I seem to read one Grady Hendrix book a year, usually right around this time I think.

Do I want this year to be "The Southern Book Club's Guide to Slaying Vampires" or "We Sold Our Souls"?


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I went with the vampire one for my Hendrix book this year and started it today. Pretty good so far!

I really like the way he builds up to the scary vibes by rooting it in very mundane real-world creepiness and then just really slowly turning up the supernatural a notch.

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The Southern Book Club's Guide to Slaying Vampires, spoilers 

Despite having read Hendrix before, I think from the title and description I was expecting much more of a...straight-forward vampire-slaying cozy mystery type book?

So then like 3/4 through the book I'm like "where's all the slaying?" because it's know, Buffy but moms.

(Though that story would also be cool.)

But I do like the way both deal with the supernatural as a metaphor for the horror of real life.


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The Southern Book Club's Guide to Slaying Vampires, spoilers 

Buffy's a little (or a lot) more on the nose with it. Like sure high school is Hell but also the actual real scary part of Buffy is all the literal vampires and other monsters coming to kill you.

In this book the vampire is real but easily dispatched once faced, the real horror is the way he weaponizes patriarchy, white supremacy, and general self-interest and how it leaves the protagonist feeling so isolated and powerless.


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The Southern Book Club's Guide to Slaying Vampires, MAJOR spoilers 

Like, there's a scene where Patricia is hiding in the vampire's attic and he knows she's there and also it's been established he can't see well in the light so he should be *great* in the dark and then also vampires typically have enhanced senses so it seems of course there's no way to hide...

But no, she totally does. And he's just screaming ineffectually that he totally knows where she is so she might as well come out.


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The Southern Book Club's Guide to Slaying Vampires, MAJOR spoilers 

And then he has to go away and she escapes and that's the end of that. He's kind of useless as a vampire?

Basically all his creepy vibes come from things we already know as creepy from the real world. Invading space, pushing boundaries, old boys club-ing. The whole blood-drinking becomes kind of a welcome escape from the truly terrifying systemic oppression that's all over the pages.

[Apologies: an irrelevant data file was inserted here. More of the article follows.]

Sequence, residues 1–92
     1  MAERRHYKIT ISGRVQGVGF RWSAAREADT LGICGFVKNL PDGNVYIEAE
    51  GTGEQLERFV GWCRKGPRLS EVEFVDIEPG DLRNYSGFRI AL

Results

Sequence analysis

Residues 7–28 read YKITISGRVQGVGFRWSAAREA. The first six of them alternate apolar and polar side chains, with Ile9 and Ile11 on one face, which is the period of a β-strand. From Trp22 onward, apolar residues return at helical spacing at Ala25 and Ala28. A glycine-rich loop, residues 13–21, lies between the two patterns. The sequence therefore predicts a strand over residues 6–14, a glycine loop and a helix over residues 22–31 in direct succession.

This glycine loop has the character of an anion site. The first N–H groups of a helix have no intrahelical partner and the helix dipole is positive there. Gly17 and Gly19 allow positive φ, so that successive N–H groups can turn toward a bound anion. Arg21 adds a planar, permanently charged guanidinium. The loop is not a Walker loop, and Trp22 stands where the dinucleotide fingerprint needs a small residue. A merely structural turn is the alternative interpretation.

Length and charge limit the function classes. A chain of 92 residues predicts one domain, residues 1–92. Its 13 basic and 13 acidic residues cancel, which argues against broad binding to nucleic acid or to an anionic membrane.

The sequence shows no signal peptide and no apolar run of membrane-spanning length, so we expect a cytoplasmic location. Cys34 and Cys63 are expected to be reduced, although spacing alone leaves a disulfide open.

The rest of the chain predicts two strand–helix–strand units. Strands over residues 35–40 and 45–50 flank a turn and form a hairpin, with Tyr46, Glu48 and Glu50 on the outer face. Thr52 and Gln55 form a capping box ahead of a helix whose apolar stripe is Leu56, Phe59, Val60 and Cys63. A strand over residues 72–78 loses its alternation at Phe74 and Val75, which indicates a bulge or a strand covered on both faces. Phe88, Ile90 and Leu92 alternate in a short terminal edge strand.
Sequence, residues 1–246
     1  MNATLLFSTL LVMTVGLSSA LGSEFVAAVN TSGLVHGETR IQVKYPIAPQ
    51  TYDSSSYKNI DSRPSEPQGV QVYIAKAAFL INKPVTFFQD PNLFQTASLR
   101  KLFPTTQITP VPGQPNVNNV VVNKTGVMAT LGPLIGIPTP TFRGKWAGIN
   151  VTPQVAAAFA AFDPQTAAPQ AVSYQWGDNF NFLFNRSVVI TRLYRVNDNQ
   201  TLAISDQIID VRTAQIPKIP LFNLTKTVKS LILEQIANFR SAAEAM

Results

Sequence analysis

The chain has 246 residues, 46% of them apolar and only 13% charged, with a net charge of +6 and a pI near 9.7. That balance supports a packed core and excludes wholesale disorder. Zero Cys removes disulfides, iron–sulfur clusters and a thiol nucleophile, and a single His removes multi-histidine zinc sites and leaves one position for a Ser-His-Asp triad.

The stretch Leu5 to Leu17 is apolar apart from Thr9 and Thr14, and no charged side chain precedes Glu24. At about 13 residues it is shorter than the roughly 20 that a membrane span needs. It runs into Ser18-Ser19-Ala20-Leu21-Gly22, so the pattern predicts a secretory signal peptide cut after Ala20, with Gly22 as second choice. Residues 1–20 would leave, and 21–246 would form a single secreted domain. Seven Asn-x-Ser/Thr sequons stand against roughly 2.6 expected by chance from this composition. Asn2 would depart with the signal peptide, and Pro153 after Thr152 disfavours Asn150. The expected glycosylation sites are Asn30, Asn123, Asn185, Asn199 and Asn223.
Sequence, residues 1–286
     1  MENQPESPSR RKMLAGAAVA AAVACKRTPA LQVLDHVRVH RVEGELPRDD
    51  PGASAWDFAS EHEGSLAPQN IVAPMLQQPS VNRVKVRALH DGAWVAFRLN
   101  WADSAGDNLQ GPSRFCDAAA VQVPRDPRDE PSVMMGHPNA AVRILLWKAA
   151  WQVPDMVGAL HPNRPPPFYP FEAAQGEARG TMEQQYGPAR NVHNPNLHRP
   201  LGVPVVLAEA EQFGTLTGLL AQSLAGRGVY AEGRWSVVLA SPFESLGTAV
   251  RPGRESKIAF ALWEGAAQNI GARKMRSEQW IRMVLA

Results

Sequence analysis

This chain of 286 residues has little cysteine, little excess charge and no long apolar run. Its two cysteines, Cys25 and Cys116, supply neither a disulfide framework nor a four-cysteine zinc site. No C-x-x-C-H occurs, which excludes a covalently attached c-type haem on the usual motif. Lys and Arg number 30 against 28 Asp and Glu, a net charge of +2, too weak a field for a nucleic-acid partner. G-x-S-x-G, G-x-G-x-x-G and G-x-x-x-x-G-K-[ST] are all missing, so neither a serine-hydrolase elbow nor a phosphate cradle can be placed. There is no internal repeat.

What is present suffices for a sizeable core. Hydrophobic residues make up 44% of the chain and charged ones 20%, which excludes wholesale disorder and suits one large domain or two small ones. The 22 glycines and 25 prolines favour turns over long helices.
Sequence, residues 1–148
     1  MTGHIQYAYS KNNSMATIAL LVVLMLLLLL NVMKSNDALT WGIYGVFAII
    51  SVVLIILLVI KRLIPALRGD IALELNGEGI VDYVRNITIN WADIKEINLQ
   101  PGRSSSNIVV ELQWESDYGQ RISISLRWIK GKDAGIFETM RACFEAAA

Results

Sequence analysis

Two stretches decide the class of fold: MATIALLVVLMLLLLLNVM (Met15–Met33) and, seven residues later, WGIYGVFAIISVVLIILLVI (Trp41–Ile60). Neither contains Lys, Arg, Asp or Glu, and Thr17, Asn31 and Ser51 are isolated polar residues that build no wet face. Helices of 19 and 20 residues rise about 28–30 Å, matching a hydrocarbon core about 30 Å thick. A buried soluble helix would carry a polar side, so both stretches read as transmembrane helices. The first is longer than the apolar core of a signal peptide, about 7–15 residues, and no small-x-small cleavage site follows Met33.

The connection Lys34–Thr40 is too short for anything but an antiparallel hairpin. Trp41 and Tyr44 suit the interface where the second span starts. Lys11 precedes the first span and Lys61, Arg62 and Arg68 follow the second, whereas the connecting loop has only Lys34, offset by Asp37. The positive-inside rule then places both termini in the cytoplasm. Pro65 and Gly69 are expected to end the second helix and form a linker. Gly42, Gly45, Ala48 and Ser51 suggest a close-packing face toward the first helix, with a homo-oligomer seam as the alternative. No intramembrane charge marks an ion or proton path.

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The Southern Book Club's Guide to Slaying Vampires, spoilers 

Oops bonus toot.

I forgot the brief maybe-intentional nod to The Yellow Wallpaper I really enjoyed.

The MC's mother-in-law has dementia and dies in the book but is the first to recognize the danger and comes back from beyond to warn her and help her kill the vampire. MC is in a kitchen with yellow walls and sees her hidden behind a door.

Small and maybe not even meant to be a reference at all but I liked it.

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@zephasaurus_hex I've got Horrorstor checked out and I can't wait to read it. I don't need to have ever been in an ikea to appreciate it, right?

@lapis ๐Ÿ˜† I don't think so, no. There are references but I think vague cultural awareness is enough to pick up on them. And probably not getting them wouldn't actually lessen the story at all, it's just small in-joke things.

I hope you like it! Definitely one of my favorites.

@zephasaurus_hex I finished it last night! (And did not have any horrifying dreams) You're right, I think vague awareness was enough.

The only thing I didn't like was I'm pretty sure this was specially printed for paper, because it looks kinda garbage on an e-ink e-reader. Lots of gray against white or yellow (the night light).


@zephasaurus_hex But it was great. If you want more poverty horror, I read "The Graveyard Apartment" by Mariko Koike. Someone in my goodreads group did a really good interpretation of it as "poverty as horror".

If it's up your alley and you can't get a copy, hmu. It's not a bad book, but horror isn't usually my cup of tea (unless it has an element of humor? I don't really know how to describe it) so I could probably send it to you.

@lapis Thanks! I picked it up to read after I either finish or give up on The Handmaid's Tale. It does look like something I'll like.

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